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Four best practices for addressing failure to launch and substance use in young adults

December 31, 2015
by Julia Brown, Associate Editor
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The overlap between "failure to launch" young adults—18-to-31 year olds opting to live under Mom and Dad’s roof and not advance their personal and professional lives—and substance abuse has become extremely common in our culture. The percentage of millennials living at home is 36%, up from 32% in 2007, according to data. 

Many factors contribute to this trend, says Paul Auchterlonie, CEO of Decision Point, including overall job availability and current cost of living, as well as what he calls the extension of adolescence well into the 20s. Thrown into the mix is the increased availability of substances, particularly opioids. 

Red flags to watch out for include failure to want or get a job; continuously extending cohabitation expectations; excuses about not following through with opportunities; and an overall lack of goal-setting and motivation.

Best practices 

Auchterlonie says it’s important to compartmentalize and understand the individual issues with which the client is presenting. “Motivational interviewing on the front end is critical,” he says. “A program should really assess and spend time doing a true, thorough assessment of the individual in order to know who’s coming in and what their needs are. A lot of times we’ll try to treat just the addiction or the lack of educational planning.”

Rather than singular approaches, Auchterlonie adds, have an overall strategy that addresses all of the individual’s issues simultaneously and appropriately. It’s critical to determine where they currently are, where they want to be (what goals and dreams they gave up on) and where they are going before being able to develop a successful treatment plan.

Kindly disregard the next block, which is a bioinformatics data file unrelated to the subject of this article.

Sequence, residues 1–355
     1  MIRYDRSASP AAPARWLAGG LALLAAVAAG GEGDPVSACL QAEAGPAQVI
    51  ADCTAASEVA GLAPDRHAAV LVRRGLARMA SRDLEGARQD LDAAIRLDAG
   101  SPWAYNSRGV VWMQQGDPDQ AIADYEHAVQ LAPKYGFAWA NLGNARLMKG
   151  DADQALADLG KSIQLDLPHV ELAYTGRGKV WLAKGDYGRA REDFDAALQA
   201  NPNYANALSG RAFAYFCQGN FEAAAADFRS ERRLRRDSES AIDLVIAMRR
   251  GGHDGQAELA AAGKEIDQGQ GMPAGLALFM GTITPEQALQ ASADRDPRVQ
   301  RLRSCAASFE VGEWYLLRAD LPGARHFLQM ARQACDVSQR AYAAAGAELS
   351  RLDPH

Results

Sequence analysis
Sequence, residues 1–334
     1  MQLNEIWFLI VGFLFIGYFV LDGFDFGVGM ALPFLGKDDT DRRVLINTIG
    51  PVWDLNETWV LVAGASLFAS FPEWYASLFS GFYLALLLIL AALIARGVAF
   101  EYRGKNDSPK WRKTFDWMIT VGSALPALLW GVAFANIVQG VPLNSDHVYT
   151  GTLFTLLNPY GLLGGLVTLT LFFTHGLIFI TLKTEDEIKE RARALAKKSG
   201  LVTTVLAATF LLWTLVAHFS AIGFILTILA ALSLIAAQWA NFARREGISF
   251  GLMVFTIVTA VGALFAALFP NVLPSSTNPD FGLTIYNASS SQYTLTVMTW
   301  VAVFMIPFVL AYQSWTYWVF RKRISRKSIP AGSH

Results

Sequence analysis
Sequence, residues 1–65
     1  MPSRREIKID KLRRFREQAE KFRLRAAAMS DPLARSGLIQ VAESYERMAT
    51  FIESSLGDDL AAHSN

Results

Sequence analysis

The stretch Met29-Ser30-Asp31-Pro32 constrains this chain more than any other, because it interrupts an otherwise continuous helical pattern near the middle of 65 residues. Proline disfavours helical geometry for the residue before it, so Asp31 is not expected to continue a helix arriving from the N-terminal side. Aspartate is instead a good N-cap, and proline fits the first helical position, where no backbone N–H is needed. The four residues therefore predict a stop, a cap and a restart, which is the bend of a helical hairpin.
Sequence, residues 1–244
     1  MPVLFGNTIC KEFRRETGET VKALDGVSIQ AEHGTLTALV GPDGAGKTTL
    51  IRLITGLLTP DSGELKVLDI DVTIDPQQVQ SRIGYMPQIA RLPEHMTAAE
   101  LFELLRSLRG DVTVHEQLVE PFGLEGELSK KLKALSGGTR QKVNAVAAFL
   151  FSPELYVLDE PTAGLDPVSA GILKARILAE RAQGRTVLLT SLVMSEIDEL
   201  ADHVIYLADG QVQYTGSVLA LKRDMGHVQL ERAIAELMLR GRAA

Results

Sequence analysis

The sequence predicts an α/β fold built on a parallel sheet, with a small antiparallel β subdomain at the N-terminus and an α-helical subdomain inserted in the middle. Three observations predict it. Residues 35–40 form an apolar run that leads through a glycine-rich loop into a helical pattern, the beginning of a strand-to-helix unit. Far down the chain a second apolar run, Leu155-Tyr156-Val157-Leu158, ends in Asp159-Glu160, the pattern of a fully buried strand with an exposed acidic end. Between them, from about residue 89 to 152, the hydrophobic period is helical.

And it's not just about the patient. Parents can often be enablers to the behavior without even realizing it, he says. Because this is a systemic problem, involving the family in the treatment process is necessary.

“It’s really about how we educate and address the issues going on in that system—in that [unique] family—and help them understand,” Auchterlonie says. “It’s important to keep the primary focus on the young person, but have a tight, secondary focus on the family and the overall goals that they have long-term.”

Finally, encourage young people in treatment to have fun and to seek out healthy alternatives to drug use.  

“Young people get in these habitual [cycles] where they’re relying on drinking and drugs to have a good time,” he says. “This whole concept of a healthy lifestyle and recovery and figuring out where you want to go in life, nothing is going to happen without being able to laugh at yourself and figuring out what healthy activities are fun for you. Those are just as important to me as the clinical [element].” 



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